An arc flash is a release of electrical energy from an electrical system that occurs during certain types of arc fault. When the release of electrical energy occurs, an arc travels either from one conductor to another or to ground through the air; it happens quickly and lasts until the circuit is broken, usually by built-in protective mechanisms.
When work is performed on live or damaged equipment, there is a higher risk for an arc blast. This happens because the isolation between electrified conductors or the insulation isn’t adequate. Activities that are more likely to lead to an explosion are installing/removing fuses and installing/removing circuit breakers. The Occupational Safety and Health Administration (OSHA) explains that other common causes of arc flash events include condensation, corrosion, dust, or dropping a conductive tool.
Why is arc flash a cause for concern?
These events are very hazardous: they result in temperatures upwards of 35,000 degrees Fahrenheit and create pressure waves called arc blasts. The extreme temperatures of these explosions can cause serious thermal burns and melt or even vaporize the metal conductors. The corresponding blast creates a pressure wave that can knock people over and collapse lungs. The noise associated with this type of event can even rupture eardrums.
Second and third-degree burns are common injuries associated with arc flash, and according to OSHA, the severity of injuries depends on three things: the proximity of the explosion, the temperature, and how much time it takes the circuit to break.
Standards exist to reduce common electrical hazards, and it is important to follow these regulations to prevent accidents. In this post we’ll examine a key component of electrical safety compliance that informs workers of the hazard present: arc flash hazard labeling.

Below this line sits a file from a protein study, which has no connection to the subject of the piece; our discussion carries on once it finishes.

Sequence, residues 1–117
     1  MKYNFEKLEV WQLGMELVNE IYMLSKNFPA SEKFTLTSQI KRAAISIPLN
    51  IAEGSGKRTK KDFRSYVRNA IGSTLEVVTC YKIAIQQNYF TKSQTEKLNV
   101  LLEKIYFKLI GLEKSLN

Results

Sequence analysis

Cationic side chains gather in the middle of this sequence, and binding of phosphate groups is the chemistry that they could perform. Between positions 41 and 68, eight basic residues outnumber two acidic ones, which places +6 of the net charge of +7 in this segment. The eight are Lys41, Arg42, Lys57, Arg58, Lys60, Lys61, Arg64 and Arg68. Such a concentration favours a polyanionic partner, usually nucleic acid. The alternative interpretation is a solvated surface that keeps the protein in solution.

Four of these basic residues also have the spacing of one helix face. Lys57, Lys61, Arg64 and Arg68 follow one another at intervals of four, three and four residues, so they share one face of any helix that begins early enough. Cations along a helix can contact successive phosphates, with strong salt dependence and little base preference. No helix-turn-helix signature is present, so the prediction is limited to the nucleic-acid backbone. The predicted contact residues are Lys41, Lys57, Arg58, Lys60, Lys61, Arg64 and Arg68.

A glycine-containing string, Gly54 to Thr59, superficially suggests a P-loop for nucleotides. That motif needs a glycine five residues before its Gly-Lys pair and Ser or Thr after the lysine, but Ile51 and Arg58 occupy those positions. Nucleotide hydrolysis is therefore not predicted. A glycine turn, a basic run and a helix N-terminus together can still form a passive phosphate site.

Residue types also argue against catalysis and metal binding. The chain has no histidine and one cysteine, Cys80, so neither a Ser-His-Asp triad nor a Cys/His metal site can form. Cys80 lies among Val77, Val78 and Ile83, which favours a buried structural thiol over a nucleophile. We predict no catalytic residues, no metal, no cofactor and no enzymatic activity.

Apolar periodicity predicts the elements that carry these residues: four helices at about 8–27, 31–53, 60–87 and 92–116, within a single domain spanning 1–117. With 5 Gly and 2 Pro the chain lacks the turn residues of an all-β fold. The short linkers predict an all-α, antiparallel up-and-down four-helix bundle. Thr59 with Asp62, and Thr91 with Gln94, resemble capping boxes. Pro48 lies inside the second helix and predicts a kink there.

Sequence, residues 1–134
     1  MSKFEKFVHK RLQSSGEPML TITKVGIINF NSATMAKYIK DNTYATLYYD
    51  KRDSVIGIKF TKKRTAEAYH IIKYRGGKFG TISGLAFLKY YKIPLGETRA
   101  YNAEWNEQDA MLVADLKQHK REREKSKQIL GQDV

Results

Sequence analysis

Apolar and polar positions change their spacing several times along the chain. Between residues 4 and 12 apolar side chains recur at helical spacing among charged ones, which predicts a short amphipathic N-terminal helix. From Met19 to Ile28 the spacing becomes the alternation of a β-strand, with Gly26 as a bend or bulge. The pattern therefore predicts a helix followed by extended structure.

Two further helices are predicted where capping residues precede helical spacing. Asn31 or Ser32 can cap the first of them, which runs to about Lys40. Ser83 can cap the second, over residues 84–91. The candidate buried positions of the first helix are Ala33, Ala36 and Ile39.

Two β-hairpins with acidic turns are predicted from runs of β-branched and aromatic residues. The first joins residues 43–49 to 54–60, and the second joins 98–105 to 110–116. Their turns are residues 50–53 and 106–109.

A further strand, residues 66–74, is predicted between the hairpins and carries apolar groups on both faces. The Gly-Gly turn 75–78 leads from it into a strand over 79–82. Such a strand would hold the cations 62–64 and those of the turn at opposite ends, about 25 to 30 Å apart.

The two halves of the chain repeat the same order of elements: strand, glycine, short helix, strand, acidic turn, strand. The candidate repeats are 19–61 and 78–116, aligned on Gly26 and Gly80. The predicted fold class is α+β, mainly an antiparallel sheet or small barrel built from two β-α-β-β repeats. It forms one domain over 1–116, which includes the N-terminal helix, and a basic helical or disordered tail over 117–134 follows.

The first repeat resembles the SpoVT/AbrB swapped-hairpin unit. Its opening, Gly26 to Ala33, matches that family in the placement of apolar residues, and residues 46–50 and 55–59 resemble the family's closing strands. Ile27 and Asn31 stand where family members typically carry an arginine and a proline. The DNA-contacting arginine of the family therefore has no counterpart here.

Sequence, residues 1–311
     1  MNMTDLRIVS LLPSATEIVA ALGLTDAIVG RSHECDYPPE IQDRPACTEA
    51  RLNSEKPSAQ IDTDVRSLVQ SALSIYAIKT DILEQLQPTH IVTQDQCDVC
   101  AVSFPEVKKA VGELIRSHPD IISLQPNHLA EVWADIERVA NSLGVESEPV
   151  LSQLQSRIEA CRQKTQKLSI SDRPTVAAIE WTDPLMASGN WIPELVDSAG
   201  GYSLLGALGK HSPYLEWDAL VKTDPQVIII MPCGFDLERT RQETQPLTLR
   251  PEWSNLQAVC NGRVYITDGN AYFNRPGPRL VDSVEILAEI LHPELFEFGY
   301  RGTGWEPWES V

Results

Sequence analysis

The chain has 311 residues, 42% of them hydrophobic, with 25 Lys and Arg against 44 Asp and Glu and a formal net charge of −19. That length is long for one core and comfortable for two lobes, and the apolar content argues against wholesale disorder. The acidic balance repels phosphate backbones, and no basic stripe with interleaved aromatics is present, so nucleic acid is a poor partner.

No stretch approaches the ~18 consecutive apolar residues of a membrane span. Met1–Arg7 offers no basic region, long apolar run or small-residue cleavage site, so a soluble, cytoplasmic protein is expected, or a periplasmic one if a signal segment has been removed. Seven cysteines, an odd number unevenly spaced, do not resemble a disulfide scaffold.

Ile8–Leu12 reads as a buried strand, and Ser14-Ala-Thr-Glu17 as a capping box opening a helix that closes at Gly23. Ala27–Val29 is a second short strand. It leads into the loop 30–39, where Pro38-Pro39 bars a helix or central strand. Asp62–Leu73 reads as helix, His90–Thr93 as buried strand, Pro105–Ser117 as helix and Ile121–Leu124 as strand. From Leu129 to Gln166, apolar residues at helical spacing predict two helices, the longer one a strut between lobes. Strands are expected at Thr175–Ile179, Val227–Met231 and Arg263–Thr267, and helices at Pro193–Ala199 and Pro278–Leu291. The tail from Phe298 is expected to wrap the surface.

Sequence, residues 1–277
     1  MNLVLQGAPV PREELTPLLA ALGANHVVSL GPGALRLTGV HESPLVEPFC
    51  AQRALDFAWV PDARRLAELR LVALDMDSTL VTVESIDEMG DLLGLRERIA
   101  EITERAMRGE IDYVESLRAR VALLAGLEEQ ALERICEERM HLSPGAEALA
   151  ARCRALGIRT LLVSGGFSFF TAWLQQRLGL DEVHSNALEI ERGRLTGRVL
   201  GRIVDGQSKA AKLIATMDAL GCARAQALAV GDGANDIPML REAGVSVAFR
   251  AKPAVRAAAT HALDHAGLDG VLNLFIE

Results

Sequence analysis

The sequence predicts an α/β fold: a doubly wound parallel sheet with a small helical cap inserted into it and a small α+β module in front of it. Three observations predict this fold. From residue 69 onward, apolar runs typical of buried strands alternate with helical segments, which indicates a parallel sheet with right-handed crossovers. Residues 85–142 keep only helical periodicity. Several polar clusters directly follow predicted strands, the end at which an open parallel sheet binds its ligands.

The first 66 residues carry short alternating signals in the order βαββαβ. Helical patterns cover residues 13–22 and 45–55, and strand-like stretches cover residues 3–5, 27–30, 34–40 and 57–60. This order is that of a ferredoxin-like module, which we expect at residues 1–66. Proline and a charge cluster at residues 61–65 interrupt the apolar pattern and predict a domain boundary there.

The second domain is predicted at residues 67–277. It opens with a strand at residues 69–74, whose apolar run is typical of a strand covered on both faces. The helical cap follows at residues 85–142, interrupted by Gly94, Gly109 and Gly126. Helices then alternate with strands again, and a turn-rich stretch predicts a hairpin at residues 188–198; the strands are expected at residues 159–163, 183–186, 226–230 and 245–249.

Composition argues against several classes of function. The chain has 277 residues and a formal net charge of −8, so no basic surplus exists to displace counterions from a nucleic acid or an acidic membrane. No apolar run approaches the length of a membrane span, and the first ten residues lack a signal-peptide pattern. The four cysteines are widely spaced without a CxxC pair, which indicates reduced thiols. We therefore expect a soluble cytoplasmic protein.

Arc Flash Safety
Preventing these types of explosions from occurring requires an electrical safety program that emphasizes training, personal protective equipment, and labels that communicate the severity of present electrical hazards.
Detailed information about these topics can be found in the National Fire Protection Association’s guidelines, NFPA 70E: Standard for Electrical Safety in the Workplace®. This document, which was originally created by the NFPA at OSHA’s request, is a comprehensive guide to electrical safety topics including arc flash.
While OSHA regulations do not specifically state workplaces must comply with NFPA 70E, it is possible for OSHA to cite employers who do not follow the standard. This is because NFPA 70E is an industry consensus standard, meaning it outlines the best practices for dealing with a recognized hazard. Because arc flashes are a recognized hazard, employers must take the necessary steps (outlined in 70E) to prevent it. This includes making compliant hazard labels, properly labeling your facility, providing PPE, and training employees.
Arc Flash Labels
Labeling electrical equipment with arc flash warning labels is critical for alerting workers of potential hazards. Labels will need to be clearly displayed on electrical equipment and feature an orange warning header with a safety alert symbol. These warning labels are specific to arc flashes and includes relevant information like the measured arc flash boundary, arc flash rating, required personal protective equipment, and the flash hazard category.
- Arc Flash [Facts, Safety Requirements & PPE]– creativesafetysupply.com
- Arc Flash Hazards– blog.labeltac.com
- Arc Flash Electrical Safety– blog.creativesafetysupply.com
- Arc Flash Clothing– safetyblognews.com
- Arc Flash Safety Requirements– hiplogic.com
- Creating Arc Flash Labels– babelplex.com
- NFPA 70E Changes Update– creativesafetypublishing.com
- What is the Hazcom standard?– bridge-to-safety.com
- PPE Training is a Must– aislemarking.com